News Stay informed about the latest enterprise technology news and product updates.

Vendor pushes disk backup over tape

Another storage vendor makes the scene with its own idea of the best way to handle data backup.

NEW YORK-- At the RBC Capital Markets SAN Conference this week, another storage vendor made the scene with its own approach toward using disk as a replacement for tape backup.

Alacritus Software Inc. of Livermore, Calif., is attempting to knock tape out of its position as king of the backup media hill with a new product called Securitus.

Securitus, which saw a modicum of success in 2002 through OEM relationships with Hitachi Ltd. and Nissho Electronics, is basically a pile of disks that appears to be a tape library to the network, a feat commonly referred to as tape emulation.

"As lower-cost disk technologies arrive, there is going to be a switch from tape to disk for backup [operations]," said Don Trimmer, Alacritus' co-founder and strategic officer. "Tape prices have declined steadily, but disk drive [prices] have declined more rapidly. This is going to change everything."

Alacritus has another feather in its cap besides its new OEM deals. The company is pursuing another avenue into the backup market through its interoperability partnership with startup switch maker Rhapsody Networks Inc.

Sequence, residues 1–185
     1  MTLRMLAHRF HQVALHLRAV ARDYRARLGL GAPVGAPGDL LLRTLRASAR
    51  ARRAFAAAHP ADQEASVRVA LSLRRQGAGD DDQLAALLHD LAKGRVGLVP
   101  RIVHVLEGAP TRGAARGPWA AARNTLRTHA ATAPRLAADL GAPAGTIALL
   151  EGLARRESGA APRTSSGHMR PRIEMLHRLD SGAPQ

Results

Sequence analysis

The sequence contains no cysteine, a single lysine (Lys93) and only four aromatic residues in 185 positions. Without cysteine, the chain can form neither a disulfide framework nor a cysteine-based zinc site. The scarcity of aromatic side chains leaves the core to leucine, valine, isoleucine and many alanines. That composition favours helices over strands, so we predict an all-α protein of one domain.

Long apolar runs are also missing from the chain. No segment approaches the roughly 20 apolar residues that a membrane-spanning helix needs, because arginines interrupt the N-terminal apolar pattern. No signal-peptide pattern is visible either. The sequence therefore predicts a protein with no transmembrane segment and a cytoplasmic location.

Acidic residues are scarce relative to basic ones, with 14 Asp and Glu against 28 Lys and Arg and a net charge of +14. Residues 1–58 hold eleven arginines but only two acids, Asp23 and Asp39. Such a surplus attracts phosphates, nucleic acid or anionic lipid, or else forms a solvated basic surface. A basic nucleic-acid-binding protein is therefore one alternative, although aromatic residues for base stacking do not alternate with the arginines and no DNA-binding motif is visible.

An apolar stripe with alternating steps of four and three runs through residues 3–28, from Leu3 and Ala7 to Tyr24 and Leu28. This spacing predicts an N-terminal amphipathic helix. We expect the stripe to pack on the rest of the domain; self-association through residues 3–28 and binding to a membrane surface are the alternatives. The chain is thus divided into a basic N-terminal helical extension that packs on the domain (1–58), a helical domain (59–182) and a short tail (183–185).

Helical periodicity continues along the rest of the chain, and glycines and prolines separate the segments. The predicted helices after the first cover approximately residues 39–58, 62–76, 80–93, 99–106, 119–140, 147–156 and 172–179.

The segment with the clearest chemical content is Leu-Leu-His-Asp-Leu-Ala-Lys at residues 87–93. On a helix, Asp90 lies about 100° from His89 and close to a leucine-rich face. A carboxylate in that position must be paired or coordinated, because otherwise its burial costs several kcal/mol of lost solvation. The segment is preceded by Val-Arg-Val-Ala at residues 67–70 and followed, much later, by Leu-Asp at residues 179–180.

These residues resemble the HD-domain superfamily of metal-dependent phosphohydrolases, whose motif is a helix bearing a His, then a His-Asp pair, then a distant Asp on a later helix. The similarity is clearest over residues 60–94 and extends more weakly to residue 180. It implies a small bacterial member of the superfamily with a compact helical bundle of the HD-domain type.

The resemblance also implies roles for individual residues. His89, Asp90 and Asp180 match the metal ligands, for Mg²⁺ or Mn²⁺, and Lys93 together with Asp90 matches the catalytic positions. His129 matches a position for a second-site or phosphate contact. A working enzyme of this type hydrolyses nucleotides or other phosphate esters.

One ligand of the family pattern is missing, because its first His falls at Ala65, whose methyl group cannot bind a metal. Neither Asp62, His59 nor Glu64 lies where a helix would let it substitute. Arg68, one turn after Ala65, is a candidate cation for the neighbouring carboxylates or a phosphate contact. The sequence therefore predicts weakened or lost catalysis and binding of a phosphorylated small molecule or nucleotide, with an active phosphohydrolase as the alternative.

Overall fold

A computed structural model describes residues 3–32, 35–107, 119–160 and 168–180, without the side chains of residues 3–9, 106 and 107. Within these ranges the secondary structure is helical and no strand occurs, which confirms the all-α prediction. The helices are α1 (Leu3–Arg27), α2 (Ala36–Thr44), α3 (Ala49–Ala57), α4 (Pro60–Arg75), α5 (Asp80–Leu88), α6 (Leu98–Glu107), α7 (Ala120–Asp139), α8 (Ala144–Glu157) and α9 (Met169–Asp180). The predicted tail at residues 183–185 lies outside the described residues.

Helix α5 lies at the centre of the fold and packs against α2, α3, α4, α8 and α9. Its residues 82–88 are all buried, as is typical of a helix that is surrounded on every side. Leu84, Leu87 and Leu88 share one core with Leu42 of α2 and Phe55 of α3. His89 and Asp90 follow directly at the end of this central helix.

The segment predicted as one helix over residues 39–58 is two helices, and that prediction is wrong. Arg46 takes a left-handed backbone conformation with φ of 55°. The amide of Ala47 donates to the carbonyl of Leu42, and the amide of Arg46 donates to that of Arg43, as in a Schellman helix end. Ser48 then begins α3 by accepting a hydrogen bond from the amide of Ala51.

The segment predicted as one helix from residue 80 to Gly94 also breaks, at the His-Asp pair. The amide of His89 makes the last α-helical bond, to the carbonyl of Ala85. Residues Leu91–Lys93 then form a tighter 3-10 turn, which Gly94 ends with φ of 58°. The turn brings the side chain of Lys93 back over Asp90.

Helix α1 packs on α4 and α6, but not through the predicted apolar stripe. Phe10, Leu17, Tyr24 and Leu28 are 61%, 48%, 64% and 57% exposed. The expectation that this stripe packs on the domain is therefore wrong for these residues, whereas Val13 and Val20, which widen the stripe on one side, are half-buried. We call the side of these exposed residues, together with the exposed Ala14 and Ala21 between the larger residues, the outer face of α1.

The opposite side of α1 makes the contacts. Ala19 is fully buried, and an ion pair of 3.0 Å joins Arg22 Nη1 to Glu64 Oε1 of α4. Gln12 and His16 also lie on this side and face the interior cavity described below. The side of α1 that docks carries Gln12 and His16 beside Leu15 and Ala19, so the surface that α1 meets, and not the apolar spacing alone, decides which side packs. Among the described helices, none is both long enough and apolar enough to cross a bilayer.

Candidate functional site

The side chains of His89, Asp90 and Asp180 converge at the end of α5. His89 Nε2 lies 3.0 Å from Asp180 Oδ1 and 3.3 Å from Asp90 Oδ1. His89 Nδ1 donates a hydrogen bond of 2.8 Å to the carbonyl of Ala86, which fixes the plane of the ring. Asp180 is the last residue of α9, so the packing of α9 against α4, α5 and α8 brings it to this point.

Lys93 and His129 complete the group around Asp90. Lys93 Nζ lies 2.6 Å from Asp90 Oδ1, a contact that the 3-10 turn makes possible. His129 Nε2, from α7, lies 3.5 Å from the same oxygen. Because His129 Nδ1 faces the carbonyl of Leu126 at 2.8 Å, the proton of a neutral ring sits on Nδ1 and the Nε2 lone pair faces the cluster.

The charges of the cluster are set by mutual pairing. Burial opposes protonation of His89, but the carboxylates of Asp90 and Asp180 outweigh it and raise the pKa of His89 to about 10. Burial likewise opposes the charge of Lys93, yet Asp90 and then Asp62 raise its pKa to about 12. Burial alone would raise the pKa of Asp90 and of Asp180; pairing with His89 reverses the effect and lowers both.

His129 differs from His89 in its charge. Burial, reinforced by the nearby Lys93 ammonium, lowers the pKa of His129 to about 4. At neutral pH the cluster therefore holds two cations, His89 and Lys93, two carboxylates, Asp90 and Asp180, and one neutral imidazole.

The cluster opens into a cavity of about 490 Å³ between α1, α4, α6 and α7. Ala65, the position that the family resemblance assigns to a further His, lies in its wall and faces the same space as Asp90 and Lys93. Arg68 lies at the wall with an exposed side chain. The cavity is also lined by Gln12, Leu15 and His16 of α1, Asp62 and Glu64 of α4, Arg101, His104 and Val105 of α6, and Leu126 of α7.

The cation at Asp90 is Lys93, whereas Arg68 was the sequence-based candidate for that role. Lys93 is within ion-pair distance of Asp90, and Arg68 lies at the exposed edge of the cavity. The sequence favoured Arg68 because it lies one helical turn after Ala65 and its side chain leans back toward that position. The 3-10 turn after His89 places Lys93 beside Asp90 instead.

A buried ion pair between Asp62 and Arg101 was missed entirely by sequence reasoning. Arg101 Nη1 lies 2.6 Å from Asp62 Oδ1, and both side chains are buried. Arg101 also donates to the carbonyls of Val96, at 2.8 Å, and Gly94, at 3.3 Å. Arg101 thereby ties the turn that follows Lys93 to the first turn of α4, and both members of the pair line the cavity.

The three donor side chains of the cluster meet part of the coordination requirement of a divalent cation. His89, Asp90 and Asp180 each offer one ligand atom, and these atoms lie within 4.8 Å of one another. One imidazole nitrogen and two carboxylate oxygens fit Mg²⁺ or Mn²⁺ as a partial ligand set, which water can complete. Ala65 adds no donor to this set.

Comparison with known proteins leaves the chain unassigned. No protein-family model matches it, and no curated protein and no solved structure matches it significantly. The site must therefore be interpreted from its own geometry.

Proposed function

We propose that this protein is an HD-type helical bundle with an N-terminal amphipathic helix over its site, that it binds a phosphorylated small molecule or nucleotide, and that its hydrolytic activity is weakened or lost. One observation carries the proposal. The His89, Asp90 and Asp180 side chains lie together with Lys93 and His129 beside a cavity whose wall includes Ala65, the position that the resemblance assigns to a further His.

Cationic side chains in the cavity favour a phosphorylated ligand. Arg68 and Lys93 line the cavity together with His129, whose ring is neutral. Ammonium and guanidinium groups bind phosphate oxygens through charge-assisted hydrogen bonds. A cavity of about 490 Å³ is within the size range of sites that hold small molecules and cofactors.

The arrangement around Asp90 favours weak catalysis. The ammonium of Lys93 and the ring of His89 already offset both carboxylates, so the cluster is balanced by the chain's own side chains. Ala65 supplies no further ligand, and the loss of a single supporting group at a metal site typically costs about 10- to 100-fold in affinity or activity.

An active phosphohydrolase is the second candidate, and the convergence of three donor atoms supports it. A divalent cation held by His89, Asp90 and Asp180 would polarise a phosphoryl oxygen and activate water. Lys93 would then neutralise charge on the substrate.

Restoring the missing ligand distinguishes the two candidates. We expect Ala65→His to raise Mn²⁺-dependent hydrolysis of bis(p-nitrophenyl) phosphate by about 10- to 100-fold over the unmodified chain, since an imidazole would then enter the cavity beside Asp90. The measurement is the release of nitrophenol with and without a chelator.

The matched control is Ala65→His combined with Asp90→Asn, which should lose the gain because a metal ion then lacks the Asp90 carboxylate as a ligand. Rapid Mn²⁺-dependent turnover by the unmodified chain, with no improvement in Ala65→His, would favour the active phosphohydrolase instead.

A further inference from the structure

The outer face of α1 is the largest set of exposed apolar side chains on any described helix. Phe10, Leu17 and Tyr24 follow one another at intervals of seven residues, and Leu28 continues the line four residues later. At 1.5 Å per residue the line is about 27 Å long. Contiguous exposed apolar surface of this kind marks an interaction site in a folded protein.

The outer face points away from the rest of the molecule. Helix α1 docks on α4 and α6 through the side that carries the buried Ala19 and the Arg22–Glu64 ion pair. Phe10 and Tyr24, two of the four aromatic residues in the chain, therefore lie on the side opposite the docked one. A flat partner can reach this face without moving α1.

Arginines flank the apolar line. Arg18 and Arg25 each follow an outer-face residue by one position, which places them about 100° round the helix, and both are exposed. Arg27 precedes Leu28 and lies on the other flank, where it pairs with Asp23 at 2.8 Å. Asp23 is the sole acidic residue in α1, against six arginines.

Trimmer had no comment about whether there was a larger force at work that prompted the work with Rhapsody.

In the waning days of 2002, storage switch powerhouse Brocade Communications Systems Inc. acquired Rhapsody Networks, which is the current market share leader.

Brocade bought Rhapsody for its virtualization technology and not necessarily for its entire switch product line, said Tony Canova, Brocade's chief financial officer, but it doesn't stop there. "Rhapsody puts us in a unique position. By not choosing a particular application and driving it into the network, Rhapsody allows us to position ourselves against the [major] OEMs," Canova said.

When it comes to making a choice for disk over tape in the future, the system integrators seem to agree with the vendors. Don Greier, chief technology officer of Advanced Systems Group Inc., said that Serial ATA disk technology should grow and have the effect of dramatically decreasing the price of disk subsystems.

"Today it is primarily on workstations, and [it] will eventually move into NAS. This will affect the near-line storage business," Greier said. "If [users have the choice of having online disk for] backups, it's going to put pressure on tape."

Tony Orlando, of Strategic Technologies Inc., said that Serial ATA disk should be the secondary storage medium of choice for complementing tape solutions and business continuity strategies. However, he said, cheaper disks will have an impact on -- but will not eliminate -- tape.

The consensus among the experts is that cheap disk subsystems will eventually displace tape drives and media in day-to-day backup operations, relegating tape to the role of archival storage; the bottom rung of the hierarchical storage management (HSM) ladder.


Toigo talks disk vs. tape

Quantum leads disk-based backup initiative

Let us know what you think of this story. E-mail Kevin Komiega, News Writer

Dig Deeper on Disk-based backup

Start the conversation

Send me notifications when other members comment.

Please create a username to comment.